More notably, the two-month plunge in the PMI was breathtaking and after printing at 64.7 in February, the index has plunged 12.1 points in the past two months, its biggest drop since mid-2014.  Click to enlarge.

And with all that, it now appears that China’s gargantuan credit injection which was 40% greater than a year earlier, has now been exhausted and the credit impulse tailwind is over.

This news item showed up on the Zero Hedge website at 9:59 a.m. on Tuesday morning EDT — and another link to it is here.

With S&P at All Time Highs, Trump Demands Fed Slash Rates by 1% as FOMC Meeting Begins

Just in case he hadn’t already made his position re: interest rates clear to the FOMC, President Trump apparently wanted to make sure policy makers know their place shortly after their two-day meeting began on Tuesday.

After calling for QE4 and rate cuts earlier this month, Trump is now calling on the central bank to slash interest rates by a full percentage point, which would bring the Fed funds target rate back to 1.25%-1.5%, a level it hasn’t seen in more than a year.

Trump also praised Beijing’s latest massive credit injection and despite surprisingly strong Q1 GDP growth (at least in the headline number), Trump said that “with our wonderfully low inflation, we could be setting major records and at the same time make our national debt start to look small.”

Of course, during its last meeting, Jerome Powell made clear that the central bank would ‘pause’ its rate-hike plans for at least the duration of this year.

Surprisingly, stocks haven’t ramped despite the president moving the goal posts on his rate-cut demands to call for even steeper cuts as U.S. data has at least nominally improved and U.S. stocks have soared to all time highs. A clear pattern has emerged for Trump’s monetary policy demands: The higher the highs in stocks, the steeper the cuts in rates.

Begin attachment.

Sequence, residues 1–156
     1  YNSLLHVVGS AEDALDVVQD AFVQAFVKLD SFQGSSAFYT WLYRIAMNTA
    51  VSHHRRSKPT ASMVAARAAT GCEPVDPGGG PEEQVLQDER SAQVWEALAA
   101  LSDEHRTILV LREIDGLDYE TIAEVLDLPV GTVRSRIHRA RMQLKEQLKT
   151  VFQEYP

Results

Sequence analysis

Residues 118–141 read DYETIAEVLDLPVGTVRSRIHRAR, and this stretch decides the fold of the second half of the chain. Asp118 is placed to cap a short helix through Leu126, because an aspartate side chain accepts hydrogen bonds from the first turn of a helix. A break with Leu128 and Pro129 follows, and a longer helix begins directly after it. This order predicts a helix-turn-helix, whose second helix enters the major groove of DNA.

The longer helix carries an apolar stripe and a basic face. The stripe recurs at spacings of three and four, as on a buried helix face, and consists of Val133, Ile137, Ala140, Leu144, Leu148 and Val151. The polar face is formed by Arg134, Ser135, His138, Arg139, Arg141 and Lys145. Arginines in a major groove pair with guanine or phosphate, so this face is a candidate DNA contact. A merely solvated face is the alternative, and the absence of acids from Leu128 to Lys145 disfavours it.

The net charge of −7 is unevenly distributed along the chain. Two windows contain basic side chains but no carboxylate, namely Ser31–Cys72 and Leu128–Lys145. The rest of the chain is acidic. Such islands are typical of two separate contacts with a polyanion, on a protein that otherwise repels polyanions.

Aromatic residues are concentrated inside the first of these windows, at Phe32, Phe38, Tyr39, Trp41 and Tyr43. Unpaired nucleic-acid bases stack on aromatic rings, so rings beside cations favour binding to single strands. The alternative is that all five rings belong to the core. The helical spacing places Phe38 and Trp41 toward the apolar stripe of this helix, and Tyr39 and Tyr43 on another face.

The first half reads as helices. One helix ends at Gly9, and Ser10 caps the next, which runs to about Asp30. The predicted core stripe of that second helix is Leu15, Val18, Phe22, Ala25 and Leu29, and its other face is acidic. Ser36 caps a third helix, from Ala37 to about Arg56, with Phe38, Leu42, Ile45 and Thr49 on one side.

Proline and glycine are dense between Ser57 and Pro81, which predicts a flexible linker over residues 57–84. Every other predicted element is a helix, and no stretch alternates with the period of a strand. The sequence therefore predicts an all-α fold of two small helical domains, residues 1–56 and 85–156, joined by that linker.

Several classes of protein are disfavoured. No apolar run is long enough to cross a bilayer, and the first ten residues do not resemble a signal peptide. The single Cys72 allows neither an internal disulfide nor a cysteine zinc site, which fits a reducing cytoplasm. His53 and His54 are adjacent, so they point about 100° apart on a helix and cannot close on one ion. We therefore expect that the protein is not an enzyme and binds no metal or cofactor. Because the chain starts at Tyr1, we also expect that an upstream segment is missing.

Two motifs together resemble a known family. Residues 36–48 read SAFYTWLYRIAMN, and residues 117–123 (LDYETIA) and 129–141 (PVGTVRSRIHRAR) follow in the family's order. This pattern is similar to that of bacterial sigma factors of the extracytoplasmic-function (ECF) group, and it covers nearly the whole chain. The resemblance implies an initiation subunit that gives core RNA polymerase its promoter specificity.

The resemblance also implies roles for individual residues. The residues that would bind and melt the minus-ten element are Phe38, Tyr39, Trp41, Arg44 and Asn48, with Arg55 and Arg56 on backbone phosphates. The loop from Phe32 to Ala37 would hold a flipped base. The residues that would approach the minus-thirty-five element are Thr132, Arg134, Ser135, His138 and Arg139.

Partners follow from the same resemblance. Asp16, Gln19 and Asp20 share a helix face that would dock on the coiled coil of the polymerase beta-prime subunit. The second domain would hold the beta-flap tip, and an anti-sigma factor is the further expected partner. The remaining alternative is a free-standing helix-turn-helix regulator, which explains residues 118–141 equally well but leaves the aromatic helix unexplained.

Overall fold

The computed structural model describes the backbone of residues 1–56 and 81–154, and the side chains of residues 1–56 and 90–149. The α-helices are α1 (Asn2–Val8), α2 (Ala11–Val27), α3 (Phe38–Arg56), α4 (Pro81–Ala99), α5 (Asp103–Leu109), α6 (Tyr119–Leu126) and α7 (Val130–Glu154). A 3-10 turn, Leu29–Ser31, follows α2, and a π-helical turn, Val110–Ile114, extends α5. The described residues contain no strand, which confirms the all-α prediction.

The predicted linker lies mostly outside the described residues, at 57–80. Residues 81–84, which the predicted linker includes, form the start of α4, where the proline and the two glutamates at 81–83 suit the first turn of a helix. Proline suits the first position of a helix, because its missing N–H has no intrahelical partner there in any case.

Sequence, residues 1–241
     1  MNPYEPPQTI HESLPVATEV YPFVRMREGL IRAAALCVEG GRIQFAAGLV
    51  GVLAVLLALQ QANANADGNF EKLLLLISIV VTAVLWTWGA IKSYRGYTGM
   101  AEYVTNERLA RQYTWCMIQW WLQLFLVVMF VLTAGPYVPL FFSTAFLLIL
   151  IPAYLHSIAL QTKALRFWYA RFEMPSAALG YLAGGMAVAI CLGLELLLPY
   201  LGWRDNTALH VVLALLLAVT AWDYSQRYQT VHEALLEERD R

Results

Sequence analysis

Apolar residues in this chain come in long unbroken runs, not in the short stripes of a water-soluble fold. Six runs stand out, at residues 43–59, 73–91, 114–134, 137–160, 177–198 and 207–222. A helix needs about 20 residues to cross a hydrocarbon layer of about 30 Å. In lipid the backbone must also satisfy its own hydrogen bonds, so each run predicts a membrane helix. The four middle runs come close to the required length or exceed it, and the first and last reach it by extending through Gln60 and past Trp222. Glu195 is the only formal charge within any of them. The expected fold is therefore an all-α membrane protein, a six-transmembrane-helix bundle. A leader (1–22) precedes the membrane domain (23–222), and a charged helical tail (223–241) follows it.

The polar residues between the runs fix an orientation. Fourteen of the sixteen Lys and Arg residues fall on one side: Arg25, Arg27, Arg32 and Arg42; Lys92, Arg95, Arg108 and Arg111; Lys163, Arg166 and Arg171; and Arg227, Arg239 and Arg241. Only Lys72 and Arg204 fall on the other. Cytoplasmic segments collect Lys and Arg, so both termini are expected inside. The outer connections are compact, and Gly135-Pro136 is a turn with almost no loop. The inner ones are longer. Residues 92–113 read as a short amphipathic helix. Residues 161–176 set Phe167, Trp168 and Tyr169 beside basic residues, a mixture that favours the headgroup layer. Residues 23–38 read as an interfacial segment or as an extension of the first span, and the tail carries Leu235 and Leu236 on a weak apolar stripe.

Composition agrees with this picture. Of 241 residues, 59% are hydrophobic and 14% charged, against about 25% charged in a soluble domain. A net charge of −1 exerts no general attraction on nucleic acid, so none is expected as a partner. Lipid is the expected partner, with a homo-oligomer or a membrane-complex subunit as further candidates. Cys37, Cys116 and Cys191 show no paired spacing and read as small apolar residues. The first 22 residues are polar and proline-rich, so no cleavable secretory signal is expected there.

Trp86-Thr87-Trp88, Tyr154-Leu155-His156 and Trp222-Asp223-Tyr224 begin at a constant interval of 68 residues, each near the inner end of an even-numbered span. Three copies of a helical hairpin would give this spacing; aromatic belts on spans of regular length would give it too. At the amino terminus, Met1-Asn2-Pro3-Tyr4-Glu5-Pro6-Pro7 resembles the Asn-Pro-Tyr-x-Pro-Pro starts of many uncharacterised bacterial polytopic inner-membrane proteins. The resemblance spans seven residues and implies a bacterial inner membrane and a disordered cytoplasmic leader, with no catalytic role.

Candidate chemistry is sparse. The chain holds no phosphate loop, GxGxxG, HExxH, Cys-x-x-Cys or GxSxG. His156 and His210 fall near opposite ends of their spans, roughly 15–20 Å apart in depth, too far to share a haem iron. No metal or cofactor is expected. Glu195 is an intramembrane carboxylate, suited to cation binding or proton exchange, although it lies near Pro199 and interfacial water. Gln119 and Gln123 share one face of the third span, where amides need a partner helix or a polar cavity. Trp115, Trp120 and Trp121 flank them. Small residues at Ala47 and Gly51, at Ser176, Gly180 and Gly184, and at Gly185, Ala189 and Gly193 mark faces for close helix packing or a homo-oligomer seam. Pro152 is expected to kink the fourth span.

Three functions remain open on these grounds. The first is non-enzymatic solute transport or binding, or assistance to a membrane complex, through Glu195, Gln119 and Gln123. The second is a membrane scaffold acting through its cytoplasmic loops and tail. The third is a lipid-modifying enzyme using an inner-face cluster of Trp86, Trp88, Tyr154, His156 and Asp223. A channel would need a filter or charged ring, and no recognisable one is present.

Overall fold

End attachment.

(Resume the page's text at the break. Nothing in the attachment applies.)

How long until Trump calls for the Fed to lower rates all the way back to zero? Or even take them negative?

Let’s see if the Fed does anything.  This Zero Hedge article showed up on their Internet site at 3:15 p.m. on Tuesday afternoon EDT — and I thank Brad Robertson for that one.  Another link to it is here.

The Fed’s Dangerous Inflation Game — Jim Rickards

By now you’ve heard that the U.S. economy expanded at an annualized rate of 3.2% in the first quarter of 2019. That was reported by the Commerce Department last Friday morning.

That strong growth coming on top of 4.2% in Q2 2018 and 3.4% in Q3 2018 means that in the past twelve months, the U.S. economy has expanded at about a 3.25% annualized rate. That’s a full point higher than the average growth rate since June 2009 when the expansion began and it’s in line with the 3.22% growth rate of the average expansion since 1980.

It looks as if the “new normal” is back to the old normal of 3% or higher trend growth. Or is it?